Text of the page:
Can I Withdraw From My 401k to Purchase a Home?


If you don't own a home, then it's very likely your biggest asset is your retirement account. Putting away as much money as possible tax free for retirement is a good strategy that will pay off in the long run. But what if you want to buy a home, and the only money you have for a down payment sits in your 401k? There are ways to withdraw from your 401k to purchase a home.


A loan is the best option if you need money from your 401k to buy a home. The government allows you to borrow up to half your 401k balance, or $50,000, whichever is lower. Usually, the loan has to be paid back within five years, but the term can be extended to 10 or even 15 if the loan is to purchase a primary residence. The best thing about a 401k loan is you don't subject yourself to penalties or taxes as long as you pay it off within the specified time frame. You will be charged interest on the loan, but you pay it to yourself, instead of to a bank. One thing to keep in mind, though: If you leave your job or are fired before the loan is paid off, you will have to immediately pay off the balance or face taxes and penalties.

Hardship Withdrawal

Buying a home, making emergency repairs and staving off foreclosure are all reasons for which the government allows you to take a hardship withdrawal from your 401k. A hardship withdrawal is different from a loan in two ways: You don't have to pay the money back, but you will have to pay a 10 percent early withdrawal penalty if you aren't yet 591/2 and you will also have to pay income tax on the money.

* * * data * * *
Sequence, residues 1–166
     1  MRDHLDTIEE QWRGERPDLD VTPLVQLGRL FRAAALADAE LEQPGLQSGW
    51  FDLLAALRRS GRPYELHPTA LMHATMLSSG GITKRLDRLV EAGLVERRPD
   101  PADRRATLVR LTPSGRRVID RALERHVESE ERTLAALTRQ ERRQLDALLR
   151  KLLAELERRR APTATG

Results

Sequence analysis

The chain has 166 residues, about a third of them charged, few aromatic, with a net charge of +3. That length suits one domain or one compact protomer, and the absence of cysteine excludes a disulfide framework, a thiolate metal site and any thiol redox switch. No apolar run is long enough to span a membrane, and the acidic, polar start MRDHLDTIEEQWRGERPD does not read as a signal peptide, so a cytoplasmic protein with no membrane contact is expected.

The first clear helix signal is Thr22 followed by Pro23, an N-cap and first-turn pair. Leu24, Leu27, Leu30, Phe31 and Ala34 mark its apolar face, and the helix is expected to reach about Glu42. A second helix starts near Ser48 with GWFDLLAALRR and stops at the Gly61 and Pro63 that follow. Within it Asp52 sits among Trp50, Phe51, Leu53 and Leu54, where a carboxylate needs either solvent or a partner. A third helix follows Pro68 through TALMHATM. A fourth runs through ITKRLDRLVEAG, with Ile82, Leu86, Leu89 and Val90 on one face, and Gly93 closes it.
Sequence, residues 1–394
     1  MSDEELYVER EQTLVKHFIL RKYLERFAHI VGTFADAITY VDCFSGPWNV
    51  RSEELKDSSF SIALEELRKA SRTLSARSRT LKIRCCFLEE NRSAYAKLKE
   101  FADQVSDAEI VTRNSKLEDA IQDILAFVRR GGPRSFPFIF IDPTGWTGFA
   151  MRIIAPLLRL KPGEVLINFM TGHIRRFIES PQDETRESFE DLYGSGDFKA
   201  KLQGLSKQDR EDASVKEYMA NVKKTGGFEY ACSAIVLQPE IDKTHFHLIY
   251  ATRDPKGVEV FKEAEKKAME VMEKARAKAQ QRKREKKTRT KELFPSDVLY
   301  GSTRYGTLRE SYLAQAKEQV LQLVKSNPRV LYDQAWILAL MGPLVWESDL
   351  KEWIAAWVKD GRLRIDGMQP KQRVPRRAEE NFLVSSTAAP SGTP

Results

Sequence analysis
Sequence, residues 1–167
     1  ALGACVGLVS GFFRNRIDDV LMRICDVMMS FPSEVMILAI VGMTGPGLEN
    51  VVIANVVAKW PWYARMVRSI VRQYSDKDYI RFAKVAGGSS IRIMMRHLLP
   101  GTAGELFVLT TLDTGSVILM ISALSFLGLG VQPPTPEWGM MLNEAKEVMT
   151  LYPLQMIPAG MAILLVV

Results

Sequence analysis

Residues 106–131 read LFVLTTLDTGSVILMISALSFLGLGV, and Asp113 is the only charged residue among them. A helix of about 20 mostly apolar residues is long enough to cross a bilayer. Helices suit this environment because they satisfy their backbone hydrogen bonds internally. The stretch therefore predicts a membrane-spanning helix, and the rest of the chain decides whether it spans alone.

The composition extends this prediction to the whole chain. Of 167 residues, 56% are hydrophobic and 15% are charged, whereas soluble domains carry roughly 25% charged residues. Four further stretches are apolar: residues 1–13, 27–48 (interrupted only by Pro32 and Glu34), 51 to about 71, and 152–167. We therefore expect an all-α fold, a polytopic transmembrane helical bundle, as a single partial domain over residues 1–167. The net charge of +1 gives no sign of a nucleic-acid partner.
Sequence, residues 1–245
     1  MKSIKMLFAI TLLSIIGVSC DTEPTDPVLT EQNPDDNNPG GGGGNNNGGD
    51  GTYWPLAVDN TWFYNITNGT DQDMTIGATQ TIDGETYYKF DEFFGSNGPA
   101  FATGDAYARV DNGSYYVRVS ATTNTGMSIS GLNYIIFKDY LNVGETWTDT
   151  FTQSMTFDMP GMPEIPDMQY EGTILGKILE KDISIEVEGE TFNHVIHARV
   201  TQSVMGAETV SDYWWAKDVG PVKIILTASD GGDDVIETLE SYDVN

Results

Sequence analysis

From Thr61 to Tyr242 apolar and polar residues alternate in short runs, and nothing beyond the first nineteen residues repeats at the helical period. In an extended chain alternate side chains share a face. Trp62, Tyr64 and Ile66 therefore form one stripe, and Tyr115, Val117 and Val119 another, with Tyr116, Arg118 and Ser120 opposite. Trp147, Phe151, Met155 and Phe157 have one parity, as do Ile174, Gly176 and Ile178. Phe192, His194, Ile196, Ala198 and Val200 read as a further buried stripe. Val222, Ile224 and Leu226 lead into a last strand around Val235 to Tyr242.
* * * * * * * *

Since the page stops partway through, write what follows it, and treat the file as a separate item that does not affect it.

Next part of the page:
Nonfinancial Hardship Withdrawal

If you meet a very narrow set of requirements, you may be able to withdraw money from your 401k penalty-free for a house or some other reason. Among the reasons a nonfinancial hardship withdrawal is allowed is if you are permanently disabled, your medical debts total at least 7.5 percent of your gross income or you quit, are laid off or retire early the same year you turn 55. Like other withdrawals, you are still responsible for the income taxes if you take this type of withdrawal.

Liquidation or Rollover

If you leave your job you can liquidate your 401k. Though this is not advised because of penalties and taxes, if you need the money for a home purchase, it might be something to consider. You can also do this if you have money sitting in a 401k from a previous employer. The better option, though, would be to roll the money over into an Individual Retirement Account. Unlike 401ks, IRAs have a provision that allow you to withdraw up to $10,000 penalty free for the purchase of a home if you haven't owned one for at least two years. You will still be responsible for income taxes on the money, though.


Borrowing or withdrawing money from your 401k to buy a house affects you in many ways, mostly negative. Even if you are borrowing, you will lose the compounding ability of the money you took out. And if you take the money out during a down cycle in the markets, you could be hit even harder. Plus, the amount you pay yourself back is after-tax money, meaning you lose the tax savings on that portion of it. If you withdraw money, you automatically lose 10 percent of it, unless you meet age or other restrictions. And, depending on how much you withdraw, the amount could bump you into a higher tax bracket for one year, meaning you would pay even more taxes on the money.

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